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Leggy Cucumber Plants – What Exactly Is It?

Cucumbers are beginner gardeners’ best friends. They are easy, rewarding, and so delicious. Like many beginner gardeners, the next step to getting better at gardening is starting all your plants from seeds. It doesn’t take too much. However, the process can be a bit more difficult as there are a few problems that you can run into.

Leggy cucumber starts are a normal part of learning how to grow plants from seeds. Having “leggy” seeds simply means that the seedlings are growing very tall, thin, with few leaves. It will happen to most people first learning how to grow from seed. 

If you are interested in learning more about leggy cucumber seeds, how they happen and how to fix them, you’ve come to the right place. 

Why Do Leggy Cucumber Plants Happen?

There are a couple of things that cause leggy seedlings; however, nine times out of 10, it’s because they lack light. The seedlings are straining themselves, searching for light and or warmth.

The strain to get to someplace with more light causes the seed starts to look very long, thin, weak, and, simply put, leggy. Any seed can become leggy, not just cucumbers, as they stretch and search for a better light source and warmth. 

The other reason it may be is that they are overcrowded, and the ones growing leggy are searching for room to breathe, light/warmth, etc. Usually, when you plant cucumbers, you are trying to get only one seed in each seed hole. Sometimes two slip in, but that won’t cause leggy seedlings. For plants to become leggy due to overcrowding, you would need more than ten seeds in one seed hole or something similar. 

How To Fix Leggy Cucumber Plants

There are a few things that you can do to “fix” your leggy cucumber plants. Let’s discuss. 

Find Better Light

The only way to truly try and “fix” or reverse leggy cucumber starts is to find them a better light source as soon as possible. If your plants have been leggy for a while, there is no saying that simply finding a better light source will fix them at this point. If you catch them starting to get leggy early on and give them a better light source, they will most likely reverse immediately.

Seedlings need between 14 and 16 hours of light to grow properly and not become leggy. If your sunlight is not at 14 hours yet, you must provide a good light source for your plants. Using grow lights on a timer is the best way to ensure that your seedlings grow properly.

At first, as seeds germinate and are very small poking out of the soil, make sure the grow lights or another light source are about only about 2-4 inches away from the plants themselves. As the plants grow, move the light up, ensuring they remain 4 inches away from the seedling at a time. This will help give the plant better light and ensure every plant gets the same amount of light. 

Plant Them

If you’ve had seedlings for a while and they’ve been leggy for a little bit, or they just started to get leggy, your best option would be just to try and plant them. We will discuss all the steps to planting leggy seedlings below. 

Start Over

Another option you have is just to start over. Some people decide that they still have plenty of time to replant seeds, and maybe they just started to poke through and are leggy right away; you would have enough time to replant then too. It may seem like a failure, but sometimes it’s better to start fresh.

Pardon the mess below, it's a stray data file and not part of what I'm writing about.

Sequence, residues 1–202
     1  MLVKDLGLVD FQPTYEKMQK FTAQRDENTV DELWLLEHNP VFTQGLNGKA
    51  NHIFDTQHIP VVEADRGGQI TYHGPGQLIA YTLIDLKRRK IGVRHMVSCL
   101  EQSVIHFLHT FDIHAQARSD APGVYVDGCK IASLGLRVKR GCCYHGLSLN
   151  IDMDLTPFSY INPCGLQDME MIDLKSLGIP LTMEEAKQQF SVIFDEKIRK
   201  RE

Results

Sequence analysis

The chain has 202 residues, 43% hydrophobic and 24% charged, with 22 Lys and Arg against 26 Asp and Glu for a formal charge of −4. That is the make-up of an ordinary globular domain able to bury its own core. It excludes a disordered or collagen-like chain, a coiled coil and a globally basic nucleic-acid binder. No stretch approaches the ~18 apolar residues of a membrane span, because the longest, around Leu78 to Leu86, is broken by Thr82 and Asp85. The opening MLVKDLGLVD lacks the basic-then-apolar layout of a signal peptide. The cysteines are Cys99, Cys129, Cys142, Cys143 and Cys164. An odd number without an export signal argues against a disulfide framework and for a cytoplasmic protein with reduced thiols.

How To Plant Leggy Seedlings

Now we will get into planting the leggy seedlings. Again, if your seedlings have been growing for quite some time and they just started getting leggy, or they have been leggy for a bit, it’s okay to go ahead and plant them and see what happens.

To plant your leggy seedlings:

  1. Set everything up as you normally would.
  2. Get your soil ready and the area set up for planting.
  3. Make small holes in the soil and get your seedlings prepared.

The difference here is that you will want to bury your leggy seedlings up to the few leaves they have. Most likely, your leggy seedlings only have 2-3 leaves at the very top of the plant so that you will cover the rest of the stem in the soil. You do this because the leggy stem is too weak to support a growing plant, so it should just be buried to give its little support to the roots. As your plant grows, it will grow a better and stronger stem to support itself. 

When to Plant Leggy Cucumber Seedlings

Cucumbers are warm weather, summertime crop. They enjoy a range of between 65-85, and the plants love full sunlight. You will want to ensure the frost’s danger has been over for at least two weeks before planting leggy cucumber seedlings. 

Although cucumbers are a warm-weather crop, don’t plant your leggy seedlings on the hottest day with the most sun. It is better to plant your leggy seedlings sometime in the morning on a mild day. Remember, leggy seedlings are fragile, so they need extra attention when planting and after. 

Will Leggy Cucumber Seedlings Thrive?

Your leggy cucumber seedlings will thrive if you catch them on time and do something about it. If you get the seedlings more light or plant them right away, your plants will survive and thrive and produce all the cucumbers you were hoping for! 

Final Thoughts

Leggy cucumber seedlings aren’t something to stress about too bad. Try to use the remedy of supplying them with more light, planting them, or just start over if you think they are too far gone. Although fragile, Leggy cucumber seedlings will come back and may even be the best plants in your garden. Happy gardening!